Dynamic Pattern Stretching
Finally we are now ready to increase the range of movement in your joints & muscles further with some additional dynamic movement patterns, as well as further warming you up and helping to prepare both your mind and body for the tasks ahead.
These, like I mentioned are dynamic (moving), you will increase the range of movement as you progress though each repetition, gradually feeling a further stretch. They will use total body movements, where the ‘stretch’ will work groups of muscles as a unit. This will also start to prepare you mentally for a workout, raise your adrenaline levels for better performance.
In the video I use 3 movement patterns, based around a lunge. There are various different ones to use that can be more specific to any exercise you are about to do directly before that specific exercise i.e. body weight squatting before adding any weight, but these three cover your total body pretty well. Also foam rollers are becoming more popular but will leave those for another discussion.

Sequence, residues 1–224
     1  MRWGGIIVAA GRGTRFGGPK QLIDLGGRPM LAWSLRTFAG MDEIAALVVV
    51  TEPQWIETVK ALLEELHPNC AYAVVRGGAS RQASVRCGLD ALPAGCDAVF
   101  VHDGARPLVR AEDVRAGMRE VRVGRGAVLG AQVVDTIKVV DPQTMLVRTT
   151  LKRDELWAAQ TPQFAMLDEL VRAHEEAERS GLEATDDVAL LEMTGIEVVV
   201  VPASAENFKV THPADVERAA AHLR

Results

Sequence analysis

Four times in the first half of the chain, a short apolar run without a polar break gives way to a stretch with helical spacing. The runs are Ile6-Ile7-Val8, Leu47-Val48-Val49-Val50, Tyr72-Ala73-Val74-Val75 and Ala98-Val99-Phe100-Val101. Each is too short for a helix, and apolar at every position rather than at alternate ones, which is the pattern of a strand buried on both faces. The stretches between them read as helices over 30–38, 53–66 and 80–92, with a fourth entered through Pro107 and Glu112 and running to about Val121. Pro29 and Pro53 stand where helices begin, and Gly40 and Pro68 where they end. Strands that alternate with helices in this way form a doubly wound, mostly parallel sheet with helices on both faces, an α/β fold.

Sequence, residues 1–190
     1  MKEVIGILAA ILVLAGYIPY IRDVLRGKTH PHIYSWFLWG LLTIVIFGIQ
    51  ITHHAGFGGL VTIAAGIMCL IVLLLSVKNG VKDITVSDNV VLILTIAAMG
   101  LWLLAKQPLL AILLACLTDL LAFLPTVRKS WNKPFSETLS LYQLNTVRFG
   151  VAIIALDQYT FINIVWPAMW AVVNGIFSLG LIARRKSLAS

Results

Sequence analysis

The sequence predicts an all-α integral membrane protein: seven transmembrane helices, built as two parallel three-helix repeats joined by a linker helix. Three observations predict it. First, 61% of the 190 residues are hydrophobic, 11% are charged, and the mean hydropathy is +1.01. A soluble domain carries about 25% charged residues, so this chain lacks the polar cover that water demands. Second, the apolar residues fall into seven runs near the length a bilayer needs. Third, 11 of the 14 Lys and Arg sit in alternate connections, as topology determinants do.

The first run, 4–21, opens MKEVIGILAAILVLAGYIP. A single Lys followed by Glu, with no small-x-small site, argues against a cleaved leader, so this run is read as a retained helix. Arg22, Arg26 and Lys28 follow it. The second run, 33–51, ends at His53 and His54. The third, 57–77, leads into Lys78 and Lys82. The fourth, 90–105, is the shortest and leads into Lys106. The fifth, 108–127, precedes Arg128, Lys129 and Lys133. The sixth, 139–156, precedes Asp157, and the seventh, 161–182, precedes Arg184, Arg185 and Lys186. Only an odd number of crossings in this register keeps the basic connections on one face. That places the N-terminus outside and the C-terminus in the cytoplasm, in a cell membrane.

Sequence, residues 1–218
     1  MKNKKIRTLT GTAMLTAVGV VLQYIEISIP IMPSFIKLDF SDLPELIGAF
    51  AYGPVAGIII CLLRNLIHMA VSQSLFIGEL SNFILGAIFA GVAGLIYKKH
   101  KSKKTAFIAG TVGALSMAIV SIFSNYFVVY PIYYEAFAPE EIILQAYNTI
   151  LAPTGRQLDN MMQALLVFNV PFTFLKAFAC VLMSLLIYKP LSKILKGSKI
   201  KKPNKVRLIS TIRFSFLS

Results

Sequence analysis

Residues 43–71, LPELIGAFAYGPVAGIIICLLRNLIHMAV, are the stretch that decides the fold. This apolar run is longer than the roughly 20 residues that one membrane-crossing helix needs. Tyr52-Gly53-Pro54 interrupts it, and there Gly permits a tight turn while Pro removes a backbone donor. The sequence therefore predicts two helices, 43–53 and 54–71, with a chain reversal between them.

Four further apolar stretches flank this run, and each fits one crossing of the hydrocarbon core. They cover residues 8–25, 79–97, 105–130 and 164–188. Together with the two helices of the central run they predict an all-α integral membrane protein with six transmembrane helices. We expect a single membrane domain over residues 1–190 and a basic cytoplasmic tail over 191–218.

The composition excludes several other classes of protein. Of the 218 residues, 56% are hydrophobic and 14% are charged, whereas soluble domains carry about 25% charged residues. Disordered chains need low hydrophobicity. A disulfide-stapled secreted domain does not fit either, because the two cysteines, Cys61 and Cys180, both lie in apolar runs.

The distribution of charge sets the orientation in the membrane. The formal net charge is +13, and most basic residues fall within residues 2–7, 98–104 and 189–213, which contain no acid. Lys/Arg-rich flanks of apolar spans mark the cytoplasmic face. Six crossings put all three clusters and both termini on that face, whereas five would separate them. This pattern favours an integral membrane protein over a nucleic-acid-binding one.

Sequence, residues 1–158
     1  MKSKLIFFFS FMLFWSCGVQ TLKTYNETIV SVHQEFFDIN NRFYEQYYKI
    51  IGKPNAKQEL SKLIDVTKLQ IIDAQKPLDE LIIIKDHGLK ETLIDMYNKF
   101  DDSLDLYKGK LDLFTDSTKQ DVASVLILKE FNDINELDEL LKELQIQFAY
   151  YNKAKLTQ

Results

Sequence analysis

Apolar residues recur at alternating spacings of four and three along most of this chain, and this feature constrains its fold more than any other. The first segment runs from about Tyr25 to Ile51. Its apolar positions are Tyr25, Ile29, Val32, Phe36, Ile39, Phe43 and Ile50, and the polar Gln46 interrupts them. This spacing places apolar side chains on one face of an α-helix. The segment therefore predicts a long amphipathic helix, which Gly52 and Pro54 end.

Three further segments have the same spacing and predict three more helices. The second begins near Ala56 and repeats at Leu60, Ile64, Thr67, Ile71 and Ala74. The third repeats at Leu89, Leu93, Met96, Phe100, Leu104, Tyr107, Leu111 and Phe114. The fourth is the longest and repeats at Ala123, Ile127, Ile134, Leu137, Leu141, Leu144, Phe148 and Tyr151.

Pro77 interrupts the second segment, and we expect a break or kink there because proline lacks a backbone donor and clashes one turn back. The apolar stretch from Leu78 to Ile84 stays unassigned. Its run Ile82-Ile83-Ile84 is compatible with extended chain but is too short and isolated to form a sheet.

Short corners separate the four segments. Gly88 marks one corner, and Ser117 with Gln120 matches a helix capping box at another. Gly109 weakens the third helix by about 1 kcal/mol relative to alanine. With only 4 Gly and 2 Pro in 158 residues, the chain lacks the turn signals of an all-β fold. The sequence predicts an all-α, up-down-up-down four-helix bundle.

This whole process will take you about 10-15 minutes, probably a lot more than you are doing right now. But those ten minutes at the start will protect you against weeks out of the gym through injury & will also help with stiffness after sessions. You may not like doing it but I bet you don’t like not working out more!
That’s the pre-workout routine covered, I will look at the cool down and static stretching another time but most of you know how to do this already…..just at the wrong time!!!